then, right upstairs, a memorable sight came

into view: 57 mannequins in 31 shades of

Pucci sitting in glamorous poses, all wearing

Pucci foulards, sunglasses and bags, hats and

precious accessories. What a front row!

The co-protagonist of this plunge into the Pucci

puzzle of colours, way of life, garments and

attitude was an elegant silhouette: a mannequin

revisited – and dressed up - not only in many

hues but in many sizes, materials, prints and

gestures as well. And… here was “A Fan of

Pucci” room, playing and overlapping reality

and meanings: at centre stage a mannequin

wrapped in length Pucci fabric that was being

fanned by the wind!

“We have been using Bonaveri mannequins

for more than 20 years, our favourite is the

Schläppi, either in white, skin colour or gold,

which you could say, has become the leitmotiv of

our retail and showroom. We have become very

attached to its forms, to its particular form of

femininity, which in my opinion is transmitted in

the Schläppi through the movement it conveys

and through its freshness,” Laudomia Pucci

says, Deputy Chairman and Image Director at

the maison, daughter of Marchese Pucci, who

founded the eponymous label in 1947. “I think

we perhaps were among its first clients and I

think Andrea (Bonaveri) can confirm that our

relationship has been constant over the years.”

So, Pucci long-time relationship with Bonaveri

led to this exhibition “A Fan of Pucci” in


No, that’s another aspect, that was created parallel

to this but completely distinct from it, let’s say. This

relationship with Bonaveri already existed. But

“Bonaveri, A Fan of Pucci” follows another track, it is

related to the Heritage Hub idea I launched here at

the Palazzo. Heritage Hub is my proposal and project

to work on our brand heritage and archives, from the

cataloguing to the events, involving new talent and

students just out of the leading fashion schools.

“We have been

using Bonaveri

mannequins for

more than 20 years”

The Pucci heritage and the present.

In a lively and vibrant manner, we are trying to create

archives for the future for Pucci. I created it as an

experiment at the maison’s historical headquarters

in Florence. We are creating it again here thanks

to the help of the LVMH group and, clearly it is an

entertaining experiment. It’s something extra, which

all brands with a particular history like us are happy

to showcase. Here we quite aspired to do something

different, innovative with very voluminous archives.

So what did we do? We started decorating the interior

spaces. I called my friend, architect Piero Lissoni, and

we started to install turquoise and fuscia carpeting,

my father’s colour scheme from his first boutique here

at the Palazzo.

Then the conversation with Andrea Bonaveri started,

both eager to do something marvellous together! We

started thinking about how to use Sala Bianca, which

is the most important one of the Palazzo. Since I really

like collaborations even of the most innovative kind,

I was thinking how to transform this into a different

kind of partnership, because a maison of mannequins

has never before joined together with a maison of

storytelling like Pucci. What I liked right away was that

Bonaveri was no longer just our store and showroom

partner who wearing our products, but it became a

performer alongside us in a story tale about Made in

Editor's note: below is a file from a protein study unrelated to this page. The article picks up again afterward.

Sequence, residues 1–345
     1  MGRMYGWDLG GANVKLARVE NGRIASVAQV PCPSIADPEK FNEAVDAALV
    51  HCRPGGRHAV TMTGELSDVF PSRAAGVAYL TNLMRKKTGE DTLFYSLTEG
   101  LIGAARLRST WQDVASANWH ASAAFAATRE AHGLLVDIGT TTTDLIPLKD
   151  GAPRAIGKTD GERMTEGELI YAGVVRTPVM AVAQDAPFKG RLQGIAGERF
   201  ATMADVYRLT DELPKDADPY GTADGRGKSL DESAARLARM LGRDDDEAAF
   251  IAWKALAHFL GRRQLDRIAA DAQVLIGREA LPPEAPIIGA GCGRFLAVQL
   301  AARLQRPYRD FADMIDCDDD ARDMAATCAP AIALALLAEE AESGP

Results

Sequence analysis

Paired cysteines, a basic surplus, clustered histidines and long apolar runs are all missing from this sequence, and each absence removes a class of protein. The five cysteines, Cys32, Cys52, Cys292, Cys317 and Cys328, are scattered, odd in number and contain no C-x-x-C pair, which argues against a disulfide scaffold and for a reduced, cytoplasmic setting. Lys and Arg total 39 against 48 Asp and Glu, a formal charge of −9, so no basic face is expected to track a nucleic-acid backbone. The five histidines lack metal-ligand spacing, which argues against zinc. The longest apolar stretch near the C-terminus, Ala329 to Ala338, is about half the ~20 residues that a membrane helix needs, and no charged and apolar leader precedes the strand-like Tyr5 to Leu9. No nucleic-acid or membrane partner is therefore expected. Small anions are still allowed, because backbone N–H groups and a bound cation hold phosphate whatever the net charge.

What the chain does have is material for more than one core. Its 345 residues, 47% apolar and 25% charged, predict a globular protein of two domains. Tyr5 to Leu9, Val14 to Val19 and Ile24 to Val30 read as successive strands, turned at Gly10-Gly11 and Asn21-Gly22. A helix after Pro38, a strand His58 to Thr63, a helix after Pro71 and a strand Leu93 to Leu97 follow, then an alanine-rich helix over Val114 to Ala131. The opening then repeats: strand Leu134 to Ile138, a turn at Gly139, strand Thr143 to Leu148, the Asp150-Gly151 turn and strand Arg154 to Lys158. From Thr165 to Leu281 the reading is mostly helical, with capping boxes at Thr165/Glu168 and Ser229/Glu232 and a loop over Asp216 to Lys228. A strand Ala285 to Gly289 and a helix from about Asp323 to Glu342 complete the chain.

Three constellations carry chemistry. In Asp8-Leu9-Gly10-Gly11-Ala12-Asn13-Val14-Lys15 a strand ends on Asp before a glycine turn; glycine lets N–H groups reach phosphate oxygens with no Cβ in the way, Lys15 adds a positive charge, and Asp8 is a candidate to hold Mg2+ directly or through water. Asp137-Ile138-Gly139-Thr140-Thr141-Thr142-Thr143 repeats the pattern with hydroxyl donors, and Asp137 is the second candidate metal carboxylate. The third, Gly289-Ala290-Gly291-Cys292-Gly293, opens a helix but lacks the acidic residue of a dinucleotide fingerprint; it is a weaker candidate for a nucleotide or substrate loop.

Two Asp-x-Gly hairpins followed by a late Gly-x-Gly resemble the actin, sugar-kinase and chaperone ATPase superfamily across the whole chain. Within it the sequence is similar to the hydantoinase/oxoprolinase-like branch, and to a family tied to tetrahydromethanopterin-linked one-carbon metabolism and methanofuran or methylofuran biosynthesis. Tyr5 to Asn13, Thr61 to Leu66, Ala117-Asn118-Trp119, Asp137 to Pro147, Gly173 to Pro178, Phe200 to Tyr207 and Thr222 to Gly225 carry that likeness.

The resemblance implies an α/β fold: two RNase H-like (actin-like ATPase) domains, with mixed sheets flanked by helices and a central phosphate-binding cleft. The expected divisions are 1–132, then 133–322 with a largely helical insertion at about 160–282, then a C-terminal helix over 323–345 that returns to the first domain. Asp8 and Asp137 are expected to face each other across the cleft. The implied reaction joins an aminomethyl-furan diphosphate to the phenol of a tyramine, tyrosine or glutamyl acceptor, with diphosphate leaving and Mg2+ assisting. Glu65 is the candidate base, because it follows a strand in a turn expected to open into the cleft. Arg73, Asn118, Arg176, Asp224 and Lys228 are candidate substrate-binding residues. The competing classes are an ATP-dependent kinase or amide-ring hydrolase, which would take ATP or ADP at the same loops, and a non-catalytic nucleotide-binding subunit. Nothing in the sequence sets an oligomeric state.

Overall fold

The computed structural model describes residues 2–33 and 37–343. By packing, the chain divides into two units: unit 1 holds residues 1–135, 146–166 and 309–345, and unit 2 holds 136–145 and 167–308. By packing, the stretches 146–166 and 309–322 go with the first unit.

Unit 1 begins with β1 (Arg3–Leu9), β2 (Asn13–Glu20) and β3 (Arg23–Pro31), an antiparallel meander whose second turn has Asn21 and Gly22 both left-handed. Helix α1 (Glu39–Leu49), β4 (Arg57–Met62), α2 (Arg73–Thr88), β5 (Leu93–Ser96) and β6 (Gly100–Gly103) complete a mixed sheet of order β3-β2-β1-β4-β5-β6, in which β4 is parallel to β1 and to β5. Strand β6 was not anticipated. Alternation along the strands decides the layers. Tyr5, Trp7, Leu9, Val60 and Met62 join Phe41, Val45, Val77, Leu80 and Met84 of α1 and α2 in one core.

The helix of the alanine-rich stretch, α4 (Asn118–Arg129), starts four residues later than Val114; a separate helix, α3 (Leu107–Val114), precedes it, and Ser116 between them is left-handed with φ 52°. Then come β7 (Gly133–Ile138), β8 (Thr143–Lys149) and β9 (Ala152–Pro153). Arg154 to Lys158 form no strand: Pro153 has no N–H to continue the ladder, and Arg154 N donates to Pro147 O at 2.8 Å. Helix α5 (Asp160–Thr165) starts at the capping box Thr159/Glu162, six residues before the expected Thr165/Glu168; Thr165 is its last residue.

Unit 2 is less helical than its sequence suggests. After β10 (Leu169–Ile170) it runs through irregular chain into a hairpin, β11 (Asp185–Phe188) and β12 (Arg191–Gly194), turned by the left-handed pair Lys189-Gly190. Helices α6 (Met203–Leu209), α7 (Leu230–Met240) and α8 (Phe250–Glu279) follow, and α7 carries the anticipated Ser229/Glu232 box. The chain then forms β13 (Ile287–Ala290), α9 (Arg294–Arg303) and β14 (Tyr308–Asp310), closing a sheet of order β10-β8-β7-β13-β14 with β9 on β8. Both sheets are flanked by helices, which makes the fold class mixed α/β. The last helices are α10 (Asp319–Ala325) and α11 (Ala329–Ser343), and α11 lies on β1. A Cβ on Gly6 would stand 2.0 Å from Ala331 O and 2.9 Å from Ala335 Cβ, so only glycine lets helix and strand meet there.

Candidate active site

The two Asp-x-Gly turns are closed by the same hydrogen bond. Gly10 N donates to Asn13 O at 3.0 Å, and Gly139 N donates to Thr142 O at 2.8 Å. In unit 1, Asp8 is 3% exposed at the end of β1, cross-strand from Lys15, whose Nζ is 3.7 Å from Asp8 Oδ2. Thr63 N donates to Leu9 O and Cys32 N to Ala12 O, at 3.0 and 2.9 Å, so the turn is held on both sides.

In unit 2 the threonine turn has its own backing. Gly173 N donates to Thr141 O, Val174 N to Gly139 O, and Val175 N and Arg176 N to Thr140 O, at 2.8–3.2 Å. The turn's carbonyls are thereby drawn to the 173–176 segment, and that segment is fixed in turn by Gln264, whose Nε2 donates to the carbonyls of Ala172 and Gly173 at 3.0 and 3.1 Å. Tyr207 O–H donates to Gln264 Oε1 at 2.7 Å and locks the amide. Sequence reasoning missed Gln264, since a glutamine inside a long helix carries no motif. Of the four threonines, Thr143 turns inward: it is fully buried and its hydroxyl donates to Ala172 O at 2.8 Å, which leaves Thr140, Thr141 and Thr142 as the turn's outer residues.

Italy and Italian quality and co-protagonist in a


A show that recounts the past in a very fresh

way. Often opening archives and enhancing

their value can turn out to be nostalgic. Here

we have a breath of unexpected freshness.

Thank you, but you see, this is a bit in the spirit

of what I am doing here, with my global vision of

things, and let’s say that if they had said to me

“Do an exhibition with Bonaveri mannequins,”

I might have said no. I wanted this Florentine

reality to be used in an experimental way and

when I speak of archives for the future, it is in

this sense, not in a museum sense. Florence

has 69 museums, we certainly don’t need

another one! Do you see where I am going? So

we created a happening, an event, we told the

story in a fun way that enhances the qualities of

one or the other partner.

The event presented also the behind the

curtains of Bonaveri with the atelier area. The

Cutting Room, the Sewing Room, the Miniature

Workshop showing Bonaveri artisans at work…

This is fundamental: Bonaveri made a

mannequin painted in Pucci’s Vivara print to

tell the story of Pucci through its craftsmanship.

As said, these are two partners who recount

their know-how together. We could not tell the

story without Bonaveri nor could Bonaveri tell it

without us.

And such an original title, “A Fan of Pucci”. As

you said, Bonaveri the performer, the actor,

who demonstrates his admiration for the Pucci


And that is the most interesting thing of this

moment that we created together. Of course,

we had the beauty of the mannequins, the

research, etc., that have brought to light the

quality of Bonaveri and Made in Italy, which we

are all proud of and jealous of at the same time.

But what is important is we sent out a truly new

message, new and new, to those who came

and read about the history of the brand and our

Made in Italy in a totally innovative way - this to

me was and still is the big challenge. And the

big challenge is also having had young talent working

with two historical maisons: and this opens the way to

other collaborations for me, and other dialogs between

two Made in Italy companies at the same level of

quality. It also opens the way to using technology in

anything you can think of. We Italians tell our children

“Go to the museum, go see Florence… Go see Venice.

Here people had fun and when you are having fun, you

enter into the heart of the matter, you make it yours,